How Corey Kluber deal happened, and what it means for Yankees’ rotation

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Andy Martino
·2 min read
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Corey Kluber in blue Rangers jersey strides to the plate
Corey Kluber in blue Rangers jersey strides to the plate

After a winter of unfulfilled need, the Yankees struck quickly on Friday to bolster their starting rotation, agreeing to terms with Corey Kluber soon after finalizing their deal with D.J. LeMahieu.

Assuming Kluber passes his physical, the team’s rotation is likely set. After paying LeMahieu $15 million and Kluber $11 million, the Yanks are just a few million under a $210 luxury tax threshold that they do not plan to exceed.

According to league sources, longtime Yankee Masahiro Tanaka is seeking a one-year deal at $15-20 million. SNY reported earlier in the offseason that a reunion with the Yankees was unlikely. Now it’s even harder to see how it would work.

The San Diego Padres have been engaged with Tanaka’s camp, but sources say those negotiations have not heated up. It remains a real possibility that Tanaka will return to Japan. Anything connecting the Mets to Tanaka has been pure rumor (as it was with LeMahieu, who the Mets never pursued).

The Yankees have talked to Cincinnati about Luis Castillo, but it sounds as if we should file those discussions under “Duh, who wouldn’t ask about Luis Castillo?”

Though Castillo talks haven’t advanced to date, it does seem worth keeping at least one eye on this situation, as Castillo is set to make just $4.2 million this year. If the Yanks can unload Adam Ottavino’s contract, they could accommodate Castillo. The prospect cost would be steep, too.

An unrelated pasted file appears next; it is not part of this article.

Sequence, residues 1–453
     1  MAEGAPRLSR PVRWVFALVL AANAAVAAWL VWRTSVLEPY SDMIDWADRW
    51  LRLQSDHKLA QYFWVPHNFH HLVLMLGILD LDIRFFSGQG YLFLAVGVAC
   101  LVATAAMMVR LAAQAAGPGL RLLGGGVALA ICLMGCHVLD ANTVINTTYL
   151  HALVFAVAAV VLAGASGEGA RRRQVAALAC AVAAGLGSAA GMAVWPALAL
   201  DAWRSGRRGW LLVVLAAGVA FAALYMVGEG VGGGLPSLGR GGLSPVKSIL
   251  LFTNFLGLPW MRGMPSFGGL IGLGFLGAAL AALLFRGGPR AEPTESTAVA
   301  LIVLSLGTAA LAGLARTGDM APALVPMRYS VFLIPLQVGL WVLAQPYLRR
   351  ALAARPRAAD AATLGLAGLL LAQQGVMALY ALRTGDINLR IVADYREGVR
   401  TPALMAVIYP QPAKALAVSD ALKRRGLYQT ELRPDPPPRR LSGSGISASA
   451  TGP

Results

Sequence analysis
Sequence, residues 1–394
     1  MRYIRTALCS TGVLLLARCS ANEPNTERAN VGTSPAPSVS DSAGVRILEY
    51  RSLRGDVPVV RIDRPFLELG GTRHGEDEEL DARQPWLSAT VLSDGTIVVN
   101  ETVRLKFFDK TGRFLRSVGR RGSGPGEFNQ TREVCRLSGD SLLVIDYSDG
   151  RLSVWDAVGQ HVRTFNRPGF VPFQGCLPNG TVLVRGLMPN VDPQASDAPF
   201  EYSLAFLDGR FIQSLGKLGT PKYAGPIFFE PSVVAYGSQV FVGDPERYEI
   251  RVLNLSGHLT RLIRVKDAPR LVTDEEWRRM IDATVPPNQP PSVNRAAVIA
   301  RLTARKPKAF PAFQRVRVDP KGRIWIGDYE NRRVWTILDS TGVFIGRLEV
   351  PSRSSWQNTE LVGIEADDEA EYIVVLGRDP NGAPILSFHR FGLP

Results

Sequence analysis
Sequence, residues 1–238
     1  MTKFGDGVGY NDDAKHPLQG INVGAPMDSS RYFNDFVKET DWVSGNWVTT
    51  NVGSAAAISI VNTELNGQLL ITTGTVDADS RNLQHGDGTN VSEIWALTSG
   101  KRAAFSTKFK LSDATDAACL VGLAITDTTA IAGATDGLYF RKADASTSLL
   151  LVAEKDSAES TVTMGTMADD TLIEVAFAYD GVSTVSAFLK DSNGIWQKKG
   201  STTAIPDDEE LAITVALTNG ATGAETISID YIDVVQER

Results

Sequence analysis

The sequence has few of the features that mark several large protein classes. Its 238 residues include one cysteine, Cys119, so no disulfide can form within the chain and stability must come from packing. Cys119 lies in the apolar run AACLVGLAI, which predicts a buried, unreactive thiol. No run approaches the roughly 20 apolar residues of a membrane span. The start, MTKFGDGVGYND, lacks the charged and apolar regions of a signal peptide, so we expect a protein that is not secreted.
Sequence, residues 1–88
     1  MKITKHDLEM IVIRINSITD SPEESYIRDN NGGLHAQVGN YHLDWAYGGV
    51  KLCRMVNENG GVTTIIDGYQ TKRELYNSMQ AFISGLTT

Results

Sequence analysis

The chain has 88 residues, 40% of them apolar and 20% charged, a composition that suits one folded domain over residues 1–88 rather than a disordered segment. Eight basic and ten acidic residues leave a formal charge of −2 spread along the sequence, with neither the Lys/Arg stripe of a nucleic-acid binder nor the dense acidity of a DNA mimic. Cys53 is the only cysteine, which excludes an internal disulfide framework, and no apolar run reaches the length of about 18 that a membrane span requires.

Back in reality, it’s clear that the Yankees calculation was straightforward: They chose Kluber as their major rotation expenditure this year.

After Kluber threw a well-attended bullpen session in Florida last week, several teams began bidding aggressively, including a previously unknown suitor: the Toronto Blue Jays. This pushed Kluber’s base salary past what many in the industry expected, considering his recent injury history.

According to league sources, the Yanks actually did not submit the highest offer for Kluber. There were multiple teams willing to pay more than $10 million.

It came down to a desire on the part of Kluber and the Yanks to work together. It couldn’t have hurt that Kluber enjoys working with Eric Cressey, the Yankees’ new director of player health and performance.

For both sides, it felt like a fit. Now, if Kluber can stay healthy, the Yanks have more depth and experience in the rotation.

OddsMoney LinePoint SpreadTotal Points
NY Yankees
-162--
Detroit
+135--